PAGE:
Trump appointee resigns as a 'matter of conscience' over executive order aimed at civil service
Posted October 27, 2020 7:29 p.m. EDT
CNN — A Trump appointee tasked with advising the administration on federal civil servants' pay has resigned over his objections to a new executive order that appears to provide the President more leeway in the hiring and firing of federal employees deemed disloyal.
Ronald Sanders, who served as a member and chair of the Federal Salary Council, tendered his resignation on Monday to the director of White House Presidential Personnel, John McEntee, according to a letter obtained by CNN.
"On its surface, the President's Executive Order purports to serve a legitimate and laudable purpose ... that is, to hold career Federal employees 'more accountable' for their performance," Sanders wrote. "However, it is clear that its stated purpose notwithstanding, the Executive Order is nothing more than a smokescreen for what is clearly an attempt to require the political loyalty of those who advise the President, or failing that, to enable their removal with little if any due process."
He added: "I simply cannot be part of an Administration that seeks to do so ... to replace apolitical expertise with political obeisance."
Sanders, a lifelong Republican and human resources professional who has spent decades in different roles across the federal government, wrote to McEntee that career federal employees "take an oath to preserve and protect our Constitution and the rule of law ... not to be loyal to a particular President or Administration."
The order, he said, "seeks to make loyalty to (the President) the litmus test for many thousands of career civil servants, and that is something I cannot be part of."
Sanders did not respond to CNN's requests for comment.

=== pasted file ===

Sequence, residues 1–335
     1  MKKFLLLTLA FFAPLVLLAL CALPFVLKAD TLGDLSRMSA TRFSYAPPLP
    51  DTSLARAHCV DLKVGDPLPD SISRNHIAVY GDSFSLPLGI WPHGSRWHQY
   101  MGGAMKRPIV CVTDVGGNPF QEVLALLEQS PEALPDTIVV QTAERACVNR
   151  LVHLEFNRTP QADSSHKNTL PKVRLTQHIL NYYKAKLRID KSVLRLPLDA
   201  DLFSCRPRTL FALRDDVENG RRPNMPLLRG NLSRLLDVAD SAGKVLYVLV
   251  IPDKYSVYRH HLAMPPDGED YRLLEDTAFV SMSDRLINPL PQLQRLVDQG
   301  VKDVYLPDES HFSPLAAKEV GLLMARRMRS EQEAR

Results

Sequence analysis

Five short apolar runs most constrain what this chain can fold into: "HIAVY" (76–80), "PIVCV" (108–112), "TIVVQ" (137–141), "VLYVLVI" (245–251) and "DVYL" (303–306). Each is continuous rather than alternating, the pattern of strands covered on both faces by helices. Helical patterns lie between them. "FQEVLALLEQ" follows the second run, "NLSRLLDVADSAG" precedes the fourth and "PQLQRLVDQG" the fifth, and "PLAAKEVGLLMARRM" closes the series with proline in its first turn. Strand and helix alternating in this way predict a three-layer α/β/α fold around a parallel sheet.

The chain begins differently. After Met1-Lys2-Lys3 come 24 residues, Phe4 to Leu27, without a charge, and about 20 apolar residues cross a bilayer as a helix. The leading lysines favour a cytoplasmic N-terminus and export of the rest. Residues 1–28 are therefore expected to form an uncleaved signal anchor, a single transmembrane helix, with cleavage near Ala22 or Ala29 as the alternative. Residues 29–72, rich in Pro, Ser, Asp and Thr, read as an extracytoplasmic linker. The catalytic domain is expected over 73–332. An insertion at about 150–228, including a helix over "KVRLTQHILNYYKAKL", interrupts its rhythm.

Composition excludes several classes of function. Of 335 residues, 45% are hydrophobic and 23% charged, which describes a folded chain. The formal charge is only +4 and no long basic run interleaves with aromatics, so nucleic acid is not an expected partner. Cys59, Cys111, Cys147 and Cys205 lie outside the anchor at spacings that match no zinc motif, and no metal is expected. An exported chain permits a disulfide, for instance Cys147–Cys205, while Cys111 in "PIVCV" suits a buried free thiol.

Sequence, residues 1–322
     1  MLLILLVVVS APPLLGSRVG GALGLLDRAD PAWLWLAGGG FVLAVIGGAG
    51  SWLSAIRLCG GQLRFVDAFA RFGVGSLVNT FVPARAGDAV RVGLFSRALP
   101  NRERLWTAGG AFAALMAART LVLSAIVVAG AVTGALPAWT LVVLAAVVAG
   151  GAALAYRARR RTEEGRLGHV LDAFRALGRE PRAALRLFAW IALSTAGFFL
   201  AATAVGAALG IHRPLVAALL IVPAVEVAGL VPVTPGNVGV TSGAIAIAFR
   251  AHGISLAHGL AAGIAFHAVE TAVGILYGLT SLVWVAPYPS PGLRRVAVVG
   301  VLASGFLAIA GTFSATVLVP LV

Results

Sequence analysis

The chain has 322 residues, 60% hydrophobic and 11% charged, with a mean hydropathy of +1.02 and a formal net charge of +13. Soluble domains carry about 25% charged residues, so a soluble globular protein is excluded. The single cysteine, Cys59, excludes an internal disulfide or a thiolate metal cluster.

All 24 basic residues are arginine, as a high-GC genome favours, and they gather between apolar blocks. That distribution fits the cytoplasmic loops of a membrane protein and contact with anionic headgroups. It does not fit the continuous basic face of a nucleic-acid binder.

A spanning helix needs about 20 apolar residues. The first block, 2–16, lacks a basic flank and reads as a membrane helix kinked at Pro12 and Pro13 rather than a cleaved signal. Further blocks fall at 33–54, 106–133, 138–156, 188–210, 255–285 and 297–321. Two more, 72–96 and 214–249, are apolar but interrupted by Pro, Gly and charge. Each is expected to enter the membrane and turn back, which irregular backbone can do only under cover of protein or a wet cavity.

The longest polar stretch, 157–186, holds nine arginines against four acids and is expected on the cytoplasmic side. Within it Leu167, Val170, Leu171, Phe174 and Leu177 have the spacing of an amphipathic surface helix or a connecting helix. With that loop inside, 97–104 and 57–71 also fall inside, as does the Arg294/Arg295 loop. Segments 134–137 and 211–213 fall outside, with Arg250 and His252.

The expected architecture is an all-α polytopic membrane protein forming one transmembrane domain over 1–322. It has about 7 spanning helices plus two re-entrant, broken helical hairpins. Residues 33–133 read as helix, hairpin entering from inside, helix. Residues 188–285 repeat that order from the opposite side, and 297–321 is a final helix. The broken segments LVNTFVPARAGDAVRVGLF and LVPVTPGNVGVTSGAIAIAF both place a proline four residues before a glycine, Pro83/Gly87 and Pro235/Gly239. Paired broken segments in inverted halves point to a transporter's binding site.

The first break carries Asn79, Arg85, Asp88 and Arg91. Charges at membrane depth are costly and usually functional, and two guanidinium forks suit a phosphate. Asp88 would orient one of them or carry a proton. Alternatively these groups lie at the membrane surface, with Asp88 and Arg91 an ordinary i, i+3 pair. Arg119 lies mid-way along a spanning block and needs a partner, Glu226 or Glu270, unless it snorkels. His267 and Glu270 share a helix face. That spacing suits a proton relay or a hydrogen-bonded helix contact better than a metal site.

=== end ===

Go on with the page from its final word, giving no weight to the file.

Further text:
The order, which was issued last week, creates a new classification of federal employees titled "Schedule F" for employees serving in "confidential, policy-determining, policy-making, or policy-advocating positions" that typically do not change during a presidential transition.
The White House says the directive will give federal agencies more flexibility to hire "Schedule F" employees but also be able to remove "poor performers" from these roles without going through a lengthy appeals process. The White House also says that the order prohibits "certain personnel actions" against "Schedule F" employees, including "actions on the basis of the employee's partisan affiliation, other protected characteristics, or because of the employee's status as a whistleblower."
But Sanders joins a growing group of voices within the federal government expressing objections to the executive order.
The American Federation of Government Employees -- the largest union for federal employees -- called the order the "most profound undermining of the civil service in our lifetimes."
The order has also drawn the scrutiny of the nonprofit Partnership for Public Service, the Senior Executives Association and Democrats in Congress.
The President has long pushed the conspiracy that there is a "deep state" embedded within the government bureaucracy conspiring against him.
After his impeachment acquittal, Trump was eager to purge his administration of officials he perceived as anti-Trump and instead install officials who have previously proved their loyalty to him. And amid the coronavirus pandemic, there have been recurring concerns that career employees within the federal government's health agencies are being undermined by political appointees for the President's political gain.
In February, Trump's personnel chief, McEntee, told agency officials to watch for staffers disloyal to Trump and to expect staffing changes and movements across the government, which was first reported by Axios.
While speaking in Atlanta ahead of the President in September, Carson was captured holding a set of talking points that appeared to lodge complaints about the office McEntee heads.
"I am very loyal to you and after you win I hope to stay in your administration," the notes in Carson's hands said. "I am not happy with the way PPO (Presidential Personnel Office) is handling my agency."